With these additions to the OAuth2 Proxy, we added it to our existing Dex cluster and configured it as a client of Dex. I’ve included a snippet of the proxy configuration relevant to the above the PRs for example:

# Subdomains of kube.pusherplatform.io are allowed for redirection
--whitelist-domain=.kube.example.com
# Cookie needs to cover all whitelisted domains
--cookie-domain=.kube.example.com
# Set an Authorization header in the auth response
--set-authorization-header=true

Injecting the Headers

With the OAuth2 Proxy configured on our authentication cluster, it is now time to connect the dashboard to it. To do this, we take advantage of Nginx’s Auth Request module within our Ingress Controller.

By adding the following snippet to the Ingress object for the dashboard, we can use Nginx to check with the OAuth2 Proxy (in turn checking with Dex and Google) to determine whether the user is logged in or not, before it allows access to the dashboard.

# For an OAuth2 Proxy hosted at https://auth.example.com/oauth2

# Configure Nginx Auth Request Module
ingress.kubernetes.io/auth-url: "https://auth.example.com/oauth2/auth"
ingress.kubernetes.io/auth-signin: "https://auth.example.com/oauth2/start?rd=https://$host$request_uri$is_args$args"

# Proxy Authentication header to Dashboard
ingress.kubernetes.io/configuration-snippet: |

# adds authorization header for kubernetes-dashboard
 auth_request_set $token $upstream_http_authorization;
 proxy_set_header Authorization $token;

With this configuration, on a request to the dashboard, the following happens:

  1. Nginx sends a request to the auth-URL, the auth endpoint of the OAuth2 Proxy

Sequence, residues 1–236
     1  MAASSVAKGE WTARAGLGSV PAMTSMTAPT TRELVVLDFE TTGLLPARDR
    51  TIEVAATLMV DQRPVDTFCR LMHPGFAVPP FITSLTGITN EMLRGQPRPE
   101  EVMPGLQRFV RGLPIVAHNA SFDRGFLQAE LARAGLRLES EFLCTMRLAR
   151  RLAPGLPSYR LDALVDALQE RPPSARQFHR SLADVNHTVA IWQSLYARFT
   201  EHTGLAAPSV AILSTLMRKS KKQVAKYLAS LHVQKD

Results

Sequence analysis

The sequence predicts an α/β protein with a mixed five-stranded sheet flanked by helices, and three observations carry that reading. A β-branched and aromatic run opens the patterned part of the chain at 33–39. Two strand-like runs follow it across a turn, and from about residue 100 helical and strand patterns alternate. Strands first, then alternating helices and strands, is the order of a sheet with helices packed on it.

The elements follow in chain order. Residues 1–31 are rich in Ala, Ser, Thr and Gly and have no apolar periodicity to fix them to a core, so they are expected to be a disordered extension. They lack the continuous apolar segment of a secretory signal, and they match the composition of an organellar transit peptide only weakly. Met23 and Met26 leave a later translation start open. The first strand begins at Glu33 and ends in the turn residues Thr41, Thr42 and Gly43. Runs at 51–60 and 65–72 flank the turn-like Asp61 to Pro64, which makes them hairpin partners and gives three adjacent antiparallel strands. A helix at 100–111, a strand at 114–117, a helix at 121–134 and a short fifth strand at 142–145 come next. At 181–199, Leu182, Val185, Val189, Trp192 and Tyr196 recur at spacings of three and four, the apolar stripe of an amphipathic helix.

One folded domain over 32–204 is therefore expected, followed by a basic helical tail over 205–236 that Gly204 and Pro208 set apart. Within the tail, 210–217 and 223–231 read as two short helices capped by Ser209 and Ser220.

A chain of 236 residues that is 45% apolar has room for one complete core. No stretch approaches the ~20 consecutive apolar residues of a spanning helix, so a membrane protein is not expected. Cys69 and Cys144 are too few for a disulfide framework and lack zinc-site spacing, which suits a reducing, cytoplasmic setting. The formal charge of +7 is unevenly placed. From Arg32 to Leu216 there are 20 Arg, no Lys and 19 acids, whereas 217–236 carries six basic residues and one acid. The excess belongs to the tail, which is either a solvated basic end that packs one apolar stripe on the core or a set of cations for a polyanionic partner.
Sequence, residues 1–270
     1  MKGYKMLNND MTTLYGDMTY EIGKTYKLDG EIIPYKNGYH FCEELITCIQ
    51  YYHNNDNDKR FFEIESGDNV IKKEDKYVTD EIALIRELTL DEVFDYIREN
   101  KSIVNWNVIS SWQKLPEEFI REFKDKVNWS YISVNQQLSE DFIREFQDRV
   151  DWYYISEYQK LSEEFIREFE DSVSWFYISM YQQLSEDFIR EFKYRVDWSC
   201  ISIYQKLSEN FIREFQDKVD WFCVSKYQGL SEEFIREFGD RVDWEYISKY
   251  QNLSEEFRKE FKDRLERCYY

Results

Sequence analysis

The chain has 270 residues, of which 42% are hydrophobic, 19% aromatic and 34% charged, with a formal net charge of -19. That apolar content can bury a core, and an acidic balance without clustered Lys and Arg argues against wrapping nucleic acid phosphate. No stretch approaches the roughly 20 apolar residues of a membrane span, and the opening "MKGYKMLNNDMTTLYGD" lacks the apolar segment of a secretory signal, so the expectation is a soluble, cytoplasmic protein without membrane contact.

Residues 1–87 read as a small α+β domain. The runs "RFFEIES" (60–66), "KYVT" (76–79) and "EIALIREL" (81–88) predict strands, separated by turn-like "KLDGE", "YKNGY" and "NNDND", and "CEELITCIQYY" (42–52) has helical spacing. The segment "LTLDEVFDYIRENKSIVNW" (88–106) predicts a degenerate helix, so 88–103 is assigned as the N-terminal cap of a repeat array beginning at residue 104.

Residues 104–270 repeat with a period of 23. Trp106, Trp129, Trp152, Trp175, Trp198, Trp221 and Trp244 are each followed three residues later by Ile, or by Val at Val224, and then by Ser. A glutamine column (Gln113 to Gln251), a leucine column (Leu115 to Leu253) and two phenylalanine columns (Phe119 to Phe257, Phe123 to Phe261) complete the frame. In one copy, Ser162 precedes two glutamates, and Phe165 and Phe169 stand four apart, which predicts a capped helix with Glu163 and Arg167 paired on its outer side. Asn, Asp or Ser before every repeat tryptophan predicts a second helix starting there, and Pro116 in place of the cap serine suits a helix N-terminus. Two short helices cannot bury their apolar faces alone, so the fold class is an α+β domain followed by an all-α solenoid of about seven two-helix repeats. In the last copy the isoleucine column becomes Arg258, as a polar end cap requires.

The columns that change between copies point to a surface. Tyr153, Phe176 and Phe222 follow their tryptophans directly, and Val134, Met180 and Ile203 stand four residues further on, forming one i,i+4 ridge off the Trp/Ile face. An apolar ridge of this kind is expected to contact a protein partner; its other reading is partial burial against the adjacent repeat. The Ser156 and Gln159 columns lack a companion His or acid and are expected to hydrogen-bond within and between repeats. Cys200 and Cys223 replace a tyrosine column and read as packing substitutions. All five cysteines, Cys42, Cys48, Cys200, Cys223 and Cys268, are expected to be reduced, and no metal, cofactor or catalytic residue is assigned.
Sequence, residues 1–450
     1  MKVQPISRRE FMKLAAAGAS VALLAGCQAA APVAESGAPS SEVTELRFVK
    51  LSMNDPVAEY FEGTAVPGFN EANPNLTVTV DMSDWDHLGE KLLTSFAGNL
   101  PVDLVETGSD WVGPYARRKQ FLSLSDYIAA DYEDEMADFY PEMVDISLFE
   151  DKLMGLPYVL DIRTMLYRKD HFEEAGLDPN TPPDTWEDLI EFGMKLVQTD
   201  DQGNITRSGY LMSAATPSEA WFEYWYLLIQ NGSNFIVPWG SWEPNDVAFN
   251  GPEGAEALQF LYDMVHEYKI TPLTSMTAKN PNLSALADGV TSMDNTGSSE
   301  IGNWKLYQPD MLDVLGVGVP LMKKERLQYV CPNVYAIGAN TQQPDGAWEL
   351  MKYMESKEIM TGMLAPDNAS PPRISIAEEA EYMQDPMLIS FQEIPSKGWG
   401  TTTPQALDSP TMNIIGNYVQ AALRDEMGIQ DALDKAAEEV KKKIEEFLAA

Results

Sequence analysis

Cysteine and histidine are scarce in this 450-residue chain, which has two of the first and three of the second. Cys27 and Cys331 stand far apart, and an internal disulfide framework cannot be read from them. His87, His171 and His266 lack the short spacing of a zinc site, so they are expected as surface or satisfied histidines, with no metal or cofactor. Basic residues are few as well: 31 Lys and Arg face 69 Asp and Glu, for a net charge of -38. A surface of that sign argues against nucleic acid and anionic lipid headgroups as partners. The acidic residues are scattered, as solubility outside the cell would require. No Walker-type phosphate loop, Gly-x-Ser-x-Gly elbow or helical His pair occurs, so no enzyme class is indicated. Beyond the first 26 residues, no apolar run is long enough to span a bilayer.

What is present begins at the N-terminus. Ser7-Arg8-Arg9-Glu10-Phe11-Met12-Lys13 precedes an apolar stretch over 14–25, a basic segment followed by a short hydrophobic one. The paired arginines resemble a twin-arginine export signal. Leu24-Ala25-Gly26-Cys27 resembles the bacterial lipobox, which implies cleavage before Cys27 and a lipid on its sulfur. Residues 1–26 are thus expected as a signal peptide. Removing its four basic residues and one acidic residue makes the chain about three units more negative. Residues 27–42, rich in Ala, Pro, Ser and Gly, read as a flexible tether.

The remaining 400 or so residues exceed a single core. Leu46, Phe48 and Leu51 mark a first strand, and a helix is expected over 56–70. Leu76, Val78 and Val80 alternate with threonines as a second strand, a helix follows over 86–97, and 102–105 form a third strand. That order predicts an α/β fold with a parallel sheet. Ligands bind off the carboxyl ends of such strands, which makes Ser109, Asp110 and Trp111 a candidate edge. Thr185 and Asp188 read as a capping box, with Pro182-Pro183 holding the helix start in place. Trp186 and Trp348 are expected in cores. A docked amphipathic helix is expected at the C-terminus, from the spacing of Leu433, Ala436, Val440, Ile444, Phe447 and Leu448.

2. The OAuth2 Proxy returns a 202 if the user is logged in and a 401 if the user isn’t logged in.
    • If Nginx receives a 202, it allows the request to the dashboard and proxies the authorization header in the auth response to the Dashboard.
    • If Nginx received a 401, it redirects the user to the auth-signin endpoint which then starts the login flow.

When a user first visits the dashboard, they are transparently redirected via Dex to Google to log in. Once they log in with Google, they are then redirected back to where they were. At this point they will be faced with the Dashboard, skipping the login screen since they are now authenticated using an authorization header.

Conclusion

With the above system, we can now ensure that every request to the Kubernetes Dashboard is authenticated. Our engineers tend to be signed in to Google already and they often don’t even notice the dashboard login flow, their browser just redirects them straight through and back to the dashboard.

In combination with the command line experience discussed in my last post, we have migrated Pusher’s Kubernetes authentication to a Single Sign-On system. Each engineer logs into the clusters individually and importantly, we don’t have and extra user accounts to manage.

While the initial single sign-on setup took some time, we are very pleased with the outcome and the user-friendly experience our engineers now have.